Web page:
I hope everyone had a relaxing Thanksgiving with friends and family. As the Holidays are fast approaching we are seeing an increase in residential break-ins. I have read recent neighborhood posts regarding the break-ins and these posts have been a big help to get information out to your neighbors.
Under the FBI Uniform Crime Reporting there was an estimated 2,103,787 burglaries across the US in 2012. Victims of burglary offenses suffered an estimated $4.7 billion in property losses in 2012; overall the average dollar loss per burglary offense was $2,230. The clearance rate for these Burglaries in 2012 was 12.7%. (http://www.fbi. gov/about- us/cjis/ucr/ crime-in- the-u.s/2012/ crime-in- the-u.s.- 2012/cius_ home) As you can see these are very difficult crimes to solve. The Police Department needs your help in order to apprehend those responsible. Throughout my last year in District 2, I have seen how information we received, from the community, has led to the apprehension and arrest of several criminals. For that I say a BIG thank you!!! We cannot be successful without you all.
Within the past two month, the Criminal Investigation Team, in District 2, has identified 5 different groups committing break-ins and if you have read the most recent Independent Weekly, you will see the Durham County Sheriff’s Department made a significant arrest of a serial break-in suspect.
Although these arrests and suspects have been identified, our break-ins continue. I am asking for your help to be extra vigilant and keep an eye out for suspicious activity. Please call 911 immediately.
Some examples of suspicious activity are listed below:
* Cars backed into driveways that don’t belong at the residence
* People being dropped off from a car who don’t belong in the neighborhood. We have seen suspects drop others off to break-in and return when they have the property ready to be loaded into a car.
* Strangers knocking on doors or ringing door bells. Often times burglars will knock on the door before breaking in to see if someone is home.
* Audible alarms from a residence
* A person carrying household property on foot.
* Someone peering into parked cars or removing license plates or car accessories.
* Strangers loitering or driving through the neighborhood: Someone going door to door, trying to open doors or going around to the back.
* Any Unusual or “odd” behavior that seems “out of place” in your neighborhood.
* Youth in neighborhood during school hours
I would also encourage all neighborhoods that do not have a Neighborhood Watch to contact Officer Brown with our Community Resource Unit. For those that do have a Neighborhood Watch Program, please let your communities know that we do offer Security Surveys. A crime prevention officer comes by your residence to give crime prevention advice about lighting, locks, landscaping, etc., to make your home less attractive to criminals. Officer Brown can be reached at Laurence.Brown@ durhamnc. gov or by phone at 919-560-4404.
Some basic ways to make your home less attractive to burglars are as follows (this is not an all-inclusive list):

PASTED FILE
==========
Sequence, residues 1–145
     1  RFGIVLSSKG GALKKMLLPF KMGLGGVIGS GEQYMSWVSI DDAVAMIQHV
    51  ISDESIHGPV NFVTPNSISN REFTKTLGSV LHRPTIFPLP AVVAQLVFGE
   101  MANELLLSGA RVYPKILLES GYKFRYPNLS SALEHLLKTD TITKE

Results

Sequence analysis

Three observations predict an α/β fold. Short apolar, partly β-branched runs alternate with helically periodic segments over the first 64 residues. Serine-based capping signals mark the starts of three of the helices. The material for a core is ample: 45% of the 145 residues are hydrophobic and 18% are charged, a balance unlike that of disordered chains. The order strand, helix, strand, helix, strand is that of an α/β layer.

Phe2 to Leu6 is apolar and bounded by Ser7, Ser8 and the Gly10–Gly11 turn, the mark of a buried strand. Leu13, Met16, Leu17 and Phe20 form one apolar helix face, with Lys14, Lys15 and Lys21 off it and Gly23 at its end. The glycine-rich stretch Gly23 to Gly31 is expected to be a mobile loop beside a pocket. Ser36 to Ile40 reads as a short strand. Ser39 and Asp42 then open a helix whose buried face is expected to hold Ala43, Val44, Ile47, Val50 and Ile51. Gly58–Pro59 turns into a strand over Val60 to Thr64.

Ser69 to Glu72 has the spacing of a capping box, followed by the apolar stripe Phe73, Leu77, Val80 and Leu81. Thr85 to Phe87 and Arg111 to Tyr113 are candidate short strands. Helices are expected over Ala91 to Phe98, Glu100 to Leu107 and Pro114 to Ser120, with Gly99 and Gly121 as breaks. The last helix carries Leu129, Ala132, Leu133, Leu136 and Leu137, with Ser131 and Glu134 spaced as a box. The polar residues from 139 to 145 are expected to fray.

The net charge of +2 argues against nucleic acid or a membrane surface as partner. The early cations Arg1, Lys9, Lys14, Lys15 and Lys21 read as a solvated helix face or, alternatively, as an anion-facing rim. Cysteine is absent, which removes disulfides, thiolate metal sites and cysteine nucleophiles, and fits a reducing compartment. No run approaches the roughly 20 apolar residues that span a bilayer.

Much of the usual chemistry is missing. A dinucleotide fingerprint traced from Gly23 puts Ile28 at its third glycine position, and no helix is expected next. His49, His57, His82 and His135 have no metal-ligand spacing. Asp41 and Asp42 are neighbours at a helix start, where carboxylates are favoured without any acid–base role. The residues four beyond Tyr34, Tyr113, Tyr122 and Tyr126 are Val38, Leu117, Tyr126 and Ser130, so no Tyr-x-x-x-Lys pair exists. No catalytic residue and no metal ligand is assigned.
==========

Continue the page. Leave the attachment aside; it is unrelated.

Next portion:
* Avoid leaving items out in plain sight. This includes bicycles or scooters or power equipment in your driveway or yard as these items are easy to walk away with.
* Keep your garage door closed and locked
* If you purchase a new electronic devise such as a computer or television, don’t leave the box out beside the trash can or recycling bin. To a criminal this is a sign you have expensive items in your home.
* Be aware of leaving your curtains or blinds open. Criminals do look for easy to grab items so they can be in and out quickly. Walk around your own home both in the day and night to see what can be seen from the street as well as outside windows. The reflection or glow at night from a large flat screen TV is an invitation. Consider doing a minor redesign to move items out of view.
* More break-ins occur during the day when folks are not home. If your home seems occupied it is less likely to be a target.
* Think of the environment around your home. Tall shrubs and overgrown trees provide a hiding place for criminals.
* If you go out of town, have a friend/neighbor house sit, pick up mail, and newspapers. Never advertise you are out of town by posting information on social media. Fill out a property check request with your local Police District.
* Get to know your neighbors! A closer knit community is less likely to have break-ins.
* Lock your doors and windows and if you have an alarm system use it.
WRITE DOWN YOUR MAKE MODEL AND SERIAL NUMBER OF ALL ELECTRONICS AS WELL AS HAVING PHOTOS OF JEWELRY! This is one of the only ways Law Enforcement can link property back to the owner.
Please be safe out there and look out for your neighbors!
Lieutenant M.K. Bond
Durham Police Department
marianne.bond@ durhamnc. gov
Jazz Musician Reggie Leatherberry Written by Hope Valley resident, Beth Bader Reggie Leatherberry plays three instruments well: ...
Did you know the Hope Valley North is in District 3? Ever wonder who in the city you should call for an issue but not sure? Below is a list ...
On Friday we had a break-in in the neighborhood during the day. Police say there were actually several break-ins in the general area. Be on ...